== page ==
The Bowling Green Created by the 9th Lord Vernon before WW2, it was one of several measures to provide social and leisure activities for villagers. These included a double tennis court in Sudbury's stable yard and a dedicated sports ground opposite the Hall which is still used by the village today.
The Vernon Arms An inn since the medieval times it appears on the earliest known plan of the village dated 1659. Built afresh in the 1670s by George Vernon it was an important feature of his improved estate village and a busy stage-coach travel stop. The building actually straddles a small stream - a great advantage before piped running water. The stream still runs beneath the building today and emerges on the far side of the road next to the bowling green.
The Village Shop It may seem small today but it was originally a substantial bakers and general store, delivering bread for mile around.
Main Road Sudbury may seem a quiet little village but just think about how busy it would once have been and would be now had the A50 bypass not been added. Imagine the stage coaches coming and going on the Lichfield-Buxton turnpike road.
The Butchers Shop The butchers used to sit opposite the village shop but was moved in the 1800s. The Customised awning, shutters and doorway have remained unaltered since that time.
Sudbury School Compulsory education was introduced in England from 1870. At Sudbury, the Vernon family had been paying a village schoolmaster since the early 1700s. Cottages in School lane were converted into a long low schoolroom for boys in 1831 (now Sudbury preschool). A large purpose built building was built the following year to house a school for girls, it is now the main primary school building. We still work closely with the school and they visit us regularly on school trips but also to help us with projects. Recently they've been giving us a hand with out Exploring Childhoods project in the museum.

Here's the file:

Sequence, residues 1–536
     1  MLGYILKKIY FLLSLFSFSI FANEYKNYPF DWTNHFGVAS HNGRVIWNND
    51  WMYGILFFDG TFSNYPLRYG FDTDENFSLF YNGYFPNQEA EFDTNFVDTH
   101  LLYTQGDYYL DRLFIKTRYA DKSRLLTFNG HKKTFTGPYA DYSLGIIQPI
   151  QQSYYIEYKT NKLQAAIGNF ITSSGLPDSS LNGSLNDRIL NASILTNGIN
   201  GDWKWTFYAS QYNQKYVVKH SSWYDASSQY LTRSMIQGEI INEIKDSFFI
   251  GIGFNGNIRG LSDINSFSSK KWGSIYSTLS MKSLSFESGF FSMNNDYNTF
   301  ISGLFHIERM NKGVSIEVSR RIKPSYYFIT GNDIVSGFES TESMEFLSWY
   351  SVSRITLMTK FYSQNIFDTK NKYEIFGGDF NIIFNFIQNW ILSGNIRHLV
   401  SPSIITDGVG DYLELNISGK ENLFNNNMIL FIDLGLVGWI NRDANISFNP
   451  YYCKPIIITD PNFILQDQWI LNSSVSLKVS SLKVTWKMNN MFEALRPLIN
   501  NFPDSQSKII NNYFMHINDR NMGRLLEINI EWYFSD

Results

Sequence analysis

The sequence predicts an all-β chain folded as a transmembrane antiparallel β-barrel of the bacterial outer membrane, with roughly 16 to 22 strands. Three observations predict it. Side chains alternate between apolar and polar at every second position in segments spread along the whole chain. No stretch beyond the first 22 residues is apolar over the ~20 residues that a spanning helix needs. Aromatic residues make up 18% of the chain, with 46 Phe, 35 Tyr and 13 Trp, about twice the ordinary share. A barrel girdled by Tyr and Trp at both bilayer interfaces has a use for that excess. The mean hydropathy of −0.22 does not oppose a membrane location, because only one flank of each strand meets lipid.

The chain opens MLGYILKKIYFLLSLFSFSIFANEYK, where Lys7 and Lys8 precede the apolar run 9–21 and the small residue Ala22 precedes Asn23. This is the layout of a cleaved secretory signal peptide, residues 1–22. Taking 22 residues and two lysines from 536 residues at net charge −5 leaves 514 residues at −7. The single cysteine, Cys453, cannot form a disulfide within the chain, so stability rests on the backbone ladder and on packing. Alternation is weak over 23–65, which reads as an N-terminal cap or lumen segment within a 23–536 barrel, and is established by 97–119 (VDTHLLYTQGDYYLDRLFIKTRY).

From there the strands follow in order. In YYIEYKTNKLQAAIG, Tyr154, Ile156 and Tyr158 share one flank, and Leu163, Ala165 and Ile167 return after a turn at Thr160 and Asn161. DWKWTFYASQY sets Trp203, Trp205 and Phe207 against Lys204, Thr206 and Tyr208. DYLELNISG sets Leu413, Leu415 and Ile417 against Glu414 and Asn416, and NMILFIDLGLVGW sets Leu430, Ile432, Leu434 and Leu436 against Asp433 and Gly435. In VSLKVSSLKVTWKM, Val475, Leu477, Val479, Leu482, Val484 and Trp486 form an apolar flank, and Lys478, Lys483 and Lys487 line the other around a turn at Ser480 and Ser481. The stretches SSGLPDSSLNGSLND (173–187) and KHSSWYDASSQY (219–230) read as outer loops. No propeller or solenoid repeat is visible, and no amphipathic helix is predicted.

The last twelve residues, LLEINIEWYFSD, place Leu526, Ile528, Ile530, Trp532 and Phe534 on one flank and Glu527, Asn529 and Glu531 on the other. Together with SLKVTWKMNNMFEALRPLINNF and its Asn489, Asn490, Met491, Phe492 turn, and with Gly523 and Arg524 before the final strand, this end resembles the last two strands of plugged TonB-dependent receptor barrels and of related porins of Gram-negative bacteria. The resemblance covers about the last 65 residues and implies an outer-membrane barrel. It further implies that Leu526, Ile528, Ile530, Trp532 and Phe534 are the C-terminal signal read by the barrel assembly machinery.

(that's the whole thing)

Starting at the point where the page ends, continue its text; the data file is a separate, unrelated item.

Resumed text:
The Gas Works This unusual building was designed by George Devey in 1874 and displays the extraordinary attention to detail seen in Victorian service buildings. Coal was once brought from Poynton, another Vernon Estate just outside Manchester, to create gas which was then piped to the hall and areas of the village. In the 1870s it would have been state of the art technology. Unfortunately the building has fallen into a state a disrepair over the years. However the future looks bright for the building and it will hopefully once again become a place to serve the community thanks to the hard work of the Sudbury Gas Works Restoration Trust.
The Footbridge Seen in the bottom corner of Sudbury lake down near the boat house, is not all it seems to be. It is ornamental, never intended for much use as a bridge, it does however have another purpose. The structure actually conceals a dam to maintain water levels in the lake. Excess water joins a small stream which leads to the river Dove.
The Boat House A typical late-Victorian construction hidden in the bottom corner of Sudbury's garden. It would once have had a jetty leading down to the lake where small boats could be launched beneath a willow tree. It is now used in the warmer weather for children's crafts and workshops as well as a handy picnic space!
The Lake The perfect end to a stroll around Sudbury with a view of the lake. The lake wasn't always as we see it today, it was originally a series of fish ponds serving the manor house that stood before the hall we see today. The 18th century fashion for natural landscaped settings saw them converted into one singular lake.